May 27, 2009

Michael Jeh

An effortless loss

Michael Jeh



A few months ago I wrote a piece that questioned the role of the coach, especially in relation to John Dyson and the West Indies when they cocked up the Duckworth Lewis formula in that ODI a few months ago.

Last night, against my better instincts (yet again), I stayed up to watch the West Indies chase a challenging 329 target set by England at Edgbaston. I never really expected them to win but I figured that the chase would be short and entertaining with players like Gayle, Bravo, Sarwan, Chanderpaul etc playing like millionaires in pursuit of a 6+ rpo target on a good pitch. After all, commonsense would dictate that they had no choice but to play shots and keep playing shots until the very end. I figured they might be bowled out for 220 in the 35th over, well worth sacrificing a few hours of sleep to watch some dazzling strokeplay.

Wrong. In hindsight, I should have just switched off and gone to bed as soon as Gayle and Sarwan were dismissed early doors. What was subsequently dished up for the next 46 overs was an absolute waste of time (apart from a brief cameo from the admirable Bravo). It showed total contempt for the viewing public. It was an exercise in cynicism to watch a team just bat 50 overs with no genuine intention of trying to win. At a time when the 50 over game is under threat from the T20 mania that is sweeping the game, the West Indies did everything possible to undermine the integrity of international ODI cricket.

More to the point, it made me realise that Dyson probably has no influence on team tactics or has no idea of what it means. I’m not sure who controls the dynamic in the dressing room but whoever it is, Gayle or Dyson, they are clearly out of their depth when it comes to understanding what it takes to try to win a game of cricket. Or they just don’t care. Perhaps both.

Chanderpaul’s innings, after a brisk start, disintegrated into something that almost defied belief. In the context of an asking rate that never got below 6.5 runs per over, his performance was almost like he was making a silent protest at being left to shoulder the batting responsibilities yet again. It’s not like he was trying to smash the ball and kept missing – no, he just went through a 25 over patch when he made no effort to do anything but push singles. It was astounding to watch the required rate climbing whilst Chanderpaul, capable of playing some stunning shots, seemingly oblivious to the game situation. Even Denesh Ramdin who scored at run-a-ball and has a more limited arsenal of strokes was too slow in the context of a run rate that required much more intent than pushing singles.

The final straw for one sleepy, grumpy spectator on a winter’s night in Australia was to keep waiting for the final powerplay in the hope that it would spark some sort of action. My justification for refusing to go to bed was twisted logic: having stayed up this long, I’d be disappointed if old Chanders exploded in the powerplay (as we know he can) and I missed it. So I waited. And waited. And waited.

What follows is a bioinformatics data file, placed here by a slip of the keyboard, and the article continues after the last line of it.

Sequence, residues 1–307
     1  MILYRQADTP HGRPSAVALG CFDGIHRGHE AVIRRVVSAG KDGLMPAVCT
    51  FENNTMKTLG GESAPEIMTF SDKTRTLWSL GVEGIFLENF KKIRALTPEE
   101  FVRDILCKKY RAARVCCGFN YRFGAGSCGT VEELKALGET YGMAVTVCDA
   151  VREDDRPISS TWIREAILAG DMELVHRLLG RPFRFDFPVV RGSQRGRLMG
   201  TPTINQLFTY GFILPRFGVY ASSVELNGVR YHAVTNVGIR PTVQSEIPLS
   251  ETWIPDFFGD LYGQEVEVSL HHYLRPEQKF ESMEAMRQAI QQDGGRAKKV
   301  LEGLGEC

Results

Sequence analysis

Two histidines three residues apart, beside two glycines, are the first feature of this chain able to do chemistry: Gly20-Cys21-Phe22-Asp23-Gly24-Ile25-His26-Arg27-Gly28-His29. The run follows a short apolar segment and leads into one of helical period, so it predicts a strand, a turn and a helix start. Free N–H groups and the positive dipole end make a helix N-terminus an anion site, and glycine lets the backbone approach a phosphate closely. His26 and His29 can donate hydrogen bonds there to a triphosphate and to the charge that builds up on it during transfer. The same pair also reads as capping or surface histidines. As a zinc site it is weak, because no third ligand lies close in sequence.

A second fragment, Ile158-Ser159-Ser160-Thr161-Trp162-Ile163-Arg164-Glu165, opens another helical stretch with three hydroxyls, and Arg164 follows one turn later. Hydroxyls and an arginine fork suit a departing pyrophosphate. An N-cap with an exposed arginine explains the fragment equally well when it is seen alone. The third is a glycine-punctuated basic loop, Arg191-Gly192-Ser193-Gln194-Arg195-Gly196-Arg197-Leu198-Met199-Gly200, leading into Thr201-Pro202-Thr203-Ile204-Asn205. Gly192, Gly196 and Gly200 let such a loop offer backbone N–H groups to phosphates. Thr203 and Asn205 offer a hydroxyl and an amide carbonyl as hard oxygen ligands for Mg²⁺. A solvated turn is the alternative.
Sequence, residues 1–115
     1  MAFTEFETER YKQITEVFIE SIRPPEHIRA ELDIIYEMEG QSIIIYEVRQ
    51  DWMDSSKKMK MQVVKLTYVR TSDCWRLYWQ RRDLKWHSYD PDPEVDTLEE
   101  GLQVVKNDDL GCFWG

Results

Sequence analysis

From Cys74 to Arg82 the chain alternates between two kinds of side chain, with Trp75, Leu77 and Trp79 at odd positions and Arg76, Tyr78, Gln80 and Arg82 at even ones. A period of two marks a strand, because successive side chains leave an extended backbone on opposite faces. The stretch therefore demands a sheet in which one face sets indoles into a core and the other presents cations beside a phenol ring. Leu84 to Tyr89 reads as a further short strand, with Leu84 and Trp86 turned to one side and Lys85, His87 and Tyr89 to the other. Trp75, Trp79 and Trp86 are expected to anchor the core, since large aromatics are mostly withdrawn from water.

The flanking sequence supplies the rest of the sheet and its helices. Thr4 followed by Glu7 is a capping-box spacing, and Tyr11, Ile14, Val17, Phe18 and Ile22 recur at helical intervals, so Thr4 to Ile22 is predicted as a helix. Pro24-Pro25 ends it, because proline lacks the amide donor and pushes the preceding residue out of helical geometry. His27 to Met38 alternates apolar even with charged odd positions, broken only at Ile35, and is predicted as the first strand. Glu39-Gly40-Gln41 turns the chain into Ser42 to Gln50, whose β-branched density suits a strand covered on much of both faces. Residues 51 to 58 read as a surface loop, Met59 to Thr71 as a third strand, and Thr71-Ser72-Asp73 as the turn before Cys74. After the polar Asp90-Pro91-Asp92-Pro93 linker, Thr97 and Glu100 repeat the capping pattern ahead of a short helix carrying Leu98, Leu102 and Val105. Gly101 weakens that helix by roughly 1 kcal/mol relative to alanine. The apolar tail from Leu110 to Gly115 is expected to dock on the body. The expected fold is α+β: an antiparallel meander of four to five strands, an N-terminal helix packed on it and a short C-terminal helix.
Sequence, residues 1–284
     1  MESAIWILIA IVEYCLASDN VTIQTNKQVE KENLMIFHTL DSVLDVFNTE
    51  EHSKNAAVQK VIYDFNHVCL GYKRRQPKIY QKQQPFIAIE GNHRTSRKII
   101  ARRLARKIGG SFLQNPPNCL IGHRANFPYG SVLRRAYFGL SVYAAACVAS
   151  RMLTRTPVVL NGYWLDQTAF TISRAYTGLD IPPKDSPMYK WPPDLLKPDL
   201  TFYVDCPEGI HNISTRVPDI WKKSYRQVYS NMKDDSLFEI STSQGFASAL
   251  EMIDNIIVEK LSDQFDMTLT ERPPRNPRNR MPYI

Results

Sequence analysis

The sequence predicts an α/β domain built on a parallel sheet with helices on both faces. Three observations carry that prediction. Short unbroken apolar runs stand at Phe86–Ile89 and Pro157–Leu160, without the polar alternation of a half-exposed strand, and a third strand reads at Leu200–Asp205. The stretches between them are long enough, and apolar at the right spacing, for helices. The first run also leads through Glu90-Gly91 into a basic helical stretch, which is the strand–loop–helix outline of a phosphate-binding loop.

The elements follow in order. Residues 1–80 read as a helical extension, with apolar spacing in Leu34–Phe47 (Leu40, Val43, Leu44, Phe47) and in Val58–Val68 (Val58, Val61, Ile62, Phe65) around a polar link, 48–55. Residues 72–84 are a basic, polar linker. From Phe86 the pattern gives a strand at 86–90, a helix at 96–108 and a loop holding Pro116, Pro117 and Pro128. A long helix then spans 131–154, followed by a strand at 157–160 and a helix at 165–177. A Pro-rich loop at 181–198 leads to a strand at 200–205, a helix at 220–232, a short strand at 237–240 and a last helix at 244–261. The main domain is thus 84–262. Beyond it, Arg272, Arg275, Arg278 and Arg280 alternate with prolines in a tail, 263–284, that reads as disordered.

I’m still struggling to understand Dyson or Gayle’s rationale for delaying the powerplay until the run rate was almost 12 runs per over. Perhaps they had honestly gone beyond caring. It’s been a tough, cold tour and maybe they’ve just lost interest. What other explanation can there be for rational, intelligent people to be blind to the bleeding obvious. What possible reason could there have been for not taking the powerplay earlier when it was a mere 8 runs per over and there was even the faintest hope of changing the momentum of the game?

As it turned out, my 6 year old son heard the television in the lounge room and sleepily crawled into my lap and watched about ten minutes of the game before asking me: “Dad, why haven’t they taken the powerplay yet? Are they really trying to win?”

It took him just ten minutes to figure it out. I wish I’d asked him earlier!

Michael Jeh is an Oxford Blue who played first-class cricket, and a Playing Member of the MCC. He lives in Brisbane

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Posted by srinivas on (June 2, 2009, 6:58 GMT)

hi..i hope dwanye smith does not go the route of ricardo powell.. sad to see him in the sidelines

Posted by Michael Jeh on (May 31, 2009, 22:27 GMT)

Hi SanjayN. I never get to see your comments until they are posted on the site so I'm afraid I have no idea why they did not get published. Sorry mate.

Posted by Gerard on (May 29, 2009, 11:34 GMT)

Considering the captain has made it clear that he doesn't give a toss about West Indies cricket, it's hardly surprising that the overall attitude of the team is so apathetic. As Frank Worrell, Michael Vaughan and Allan Border have proved, a team's success starts with the captain. It's hardly surprising the team doesn't do everything possible to win with a mercenary like Gayle in charge.

Posted by Riverlime on (May 29, 2009, 11:04 GMT)